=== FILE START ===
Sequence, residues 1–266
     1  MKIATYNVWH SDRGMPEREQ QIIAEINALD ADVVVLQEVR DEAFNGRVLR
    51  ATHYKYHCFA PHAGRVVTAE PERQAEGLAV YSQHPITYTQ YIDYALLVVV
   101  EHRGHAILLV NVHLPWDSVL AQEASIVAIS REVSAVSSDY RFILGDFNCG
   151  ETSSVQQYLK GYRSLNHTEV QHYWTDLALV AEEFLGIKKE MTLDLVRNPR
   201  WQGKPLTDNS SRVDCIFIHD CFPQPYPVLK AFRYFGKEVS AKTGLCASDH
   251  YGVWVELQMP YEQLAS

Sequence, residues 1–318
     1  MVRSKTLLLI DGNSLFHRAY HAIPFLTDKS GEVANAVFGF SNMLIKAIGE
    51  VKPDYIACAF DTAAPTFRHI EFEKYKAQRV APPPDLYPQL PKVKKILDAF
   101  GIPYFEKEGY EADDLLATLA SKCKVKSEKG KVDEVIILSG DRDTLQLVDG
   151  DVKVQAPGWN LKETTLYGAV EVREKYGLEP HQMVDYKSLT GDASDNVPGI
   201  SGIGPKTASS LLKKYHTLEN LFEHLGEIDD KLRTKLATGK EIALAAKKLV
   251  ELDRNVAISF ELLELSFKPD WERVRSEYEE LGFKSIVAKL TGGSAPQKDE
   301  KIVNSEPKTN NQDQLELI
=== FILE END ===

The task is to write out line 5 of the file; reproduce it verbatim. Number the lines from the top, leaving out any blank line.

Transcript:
   151  ETSSVQQYLK GYRSLNHTEV QHYWTDLALV AEEFLGIKKE MTLDLVRNPR